If you asked most kids in the 1980s, “Are you an Alan Shepard or a Chuck Yeager?,” many would pick America’s first astronaut over the test pilot who became the first human to fly faster than the speed of sound. But from the moment Jon Ohman saw “The Right Stuff,” the movie that chronicled America’s race into space, he knew: He was a Yeager all the way.
“That movie introduced me to the mystique of test pilots,” Ohman says. “It made me realize as a kid that the world of flight test is where I wanted to be.”
Embracing audacious goals, pushing boundaries and serving a purpose greater than himself — these qualities of Yeager’s captivated Ohman, now 45, and inspired a career that’s taken him from combat pilot in Iraq and Afghanistan to military test pilot to his current position as GE’s top-ranking test pilot.
It’s a job that requires a strong brew of technical acumen, knowledge and courage. At the helm of the company’s sole flying testbed, a modified Boeing 747-400, Ohman leads a crew that takes new engines for a spin — including the world’s largest jet engine, the GE9X. The routine includes a number of stress and aerodynamic tests to ensure their performance, efficiency and — above all — safety.
Ohman sees today’s test pilots as direct descendants of legends such as Yeager and Bob Hoover, men who flew during what Ohman calls “the golden age of flight test.”
“Those guys established what it means to be a test pilot,” Ohman says. “They were pushing the boundaries of what humans were doing in the air. I look back on them with a certain envy that they got to do the sort of flying they were doing.”
Ohman, who grew up in Santa Barbara, California, earned his pilot’s license at 17, then went to college at the U.S. Naval Academy. An irrepressible compulsion to challenge himself led him to the Marine Corps, where he flew F-18s in Iraq and Afghanistan. But his fascination with flight testing never waned.
“To do things in the air that have never been done before, to be on the cutting edge of aircraft, systems and engine development, is exciting,” he says.
So after 10 years as a fighter pilot, Ohman applied to test pilot school at the Naval Air Warfare Center in Maryland. He spent the second half of his military career testing both the legacy F-18 and the Super Hornet, as well as the F-35, the Corps’ new fighter jet.
GE recruited Ohman after he retired from the military in 2015. “I was familiar with GE Aviation because the engines on the F-18s are manufactured by GE,” he says. “What they were doing in flight test sounded like it would be exciting and rewarding. It allowed me to continue doing two things I love: flying and flight test.”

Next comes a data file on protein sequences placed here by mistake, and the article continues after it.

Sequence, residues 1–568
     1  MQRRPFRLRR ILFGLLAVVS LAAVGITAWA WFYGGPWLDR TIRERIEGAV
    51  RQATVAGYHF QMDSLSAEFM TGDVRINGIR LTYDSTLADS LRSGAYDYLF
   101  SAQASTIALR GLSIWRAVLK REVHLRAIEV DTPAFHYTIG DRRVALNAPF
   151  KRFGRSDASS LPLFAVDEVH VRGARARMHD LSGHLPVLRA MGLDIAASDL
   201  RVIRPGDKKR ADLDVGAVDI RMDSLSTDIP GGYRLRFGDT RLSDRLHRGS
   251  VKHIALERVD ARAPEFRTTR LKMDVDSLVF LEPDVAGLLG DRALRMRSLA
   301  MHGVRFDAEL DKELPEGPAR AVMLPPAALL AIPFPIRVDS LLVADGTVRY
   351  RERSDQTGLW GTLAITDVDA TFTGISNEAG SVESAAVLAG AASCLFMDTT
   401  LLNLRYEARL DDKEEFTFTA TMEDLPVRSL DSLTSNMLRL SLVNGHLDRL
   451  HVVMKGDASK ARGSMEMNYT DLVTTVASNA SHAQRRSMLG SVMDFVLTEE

For Ohman, it wasn’t just a career move — it was a calling. “Almost all pilots are aviation historians to a certain extent,” Ohman says. “We all grew up with these heroes who were pioneers in flying airplanes. I think that is part of what attracted me to flight test: the mystique and the ability to be on the forefront of aviation.”
In March, Ohman became part of aviation history when he was the first pilot ever to fly GE’s new monster engine, the GE9X, a commercial engine designed for the Boeing 777x. It is the largest jet engine GE has ever produced.
“It was certainly exciting to be the first person to fly the largest engine in the world, to be part of an aviation first,” Ohman says. “But it’s a really humbling experience, too. That first flight is the result of a monumental amount of work by thousands of people over years and years, and I get to be the guy who sits in the cockpit and pushes that throttle up for the first time.”
After years as a combat and test pilot, Ohman doesn’t get nervous when taking off with a new engine. First, there are three other engines powering the flying testbed. But even more importantly, a big part of the job is mitigating risk before Ohman ever climbs into the cockpit. “I tell [my wife] Amanda and my children that we put a lot of effort into taking the danger out of flight test,” he says. “Much of our job is devoted to reducing risk to a reasonable level.”
Ohman and his crew start working months — and sometimes years — in advance to prepare for a new testing campaign. It begins with a deliberative process that outlines which series of tests must be completed on the ground before the crew takes off with the engine for the first time.
Next, Ohman works with NASA engineers to simulate the weight, mass properties and thrust of the new engine. “We can go fly in their simulator and develop all our tests, and rehearse those tests before we ever do it in the airplane,” he says. “That’s a significant risk mitigator.”
While safety has always been a top concern for Ohman, stretching back to his days as a Marine fighter pilot, there are some significant differences between test flights in the military and with GE. The Boeing 747 testbed, of course, isn’t a fighter jet. Most of its seating has been replaced with computers that allow engineers to measure and modify various engine parameters in flight. “Most test flights in the Marine Corps were done in single-seat fighter jets,” Ohman says. “Now I’ve got a crew of anywhere from 15 to 20 flight test engineers with me on the airplane.”
Ohman says his children, 12-year-old Jacob and 11-year-old Emily, are reassured by the presence of all those engineers. “I would not be taking the airplane, and certainly not all those people, into the air if it wasn’t safe,” he says.
As his children grow, Ohman occasionally wonders if either of them will be interested in flying themselves. He already knows they’re not afraid to fly. His daughter recently told someone she doesn’t worry about planes because “my daddy tests them and makes sure they’re safe.”
“I love flying airplanes and I love doing flight test — and I really like being part of something that’s bigger than myself,” Ohman says. “It’s tremendously rewarding.”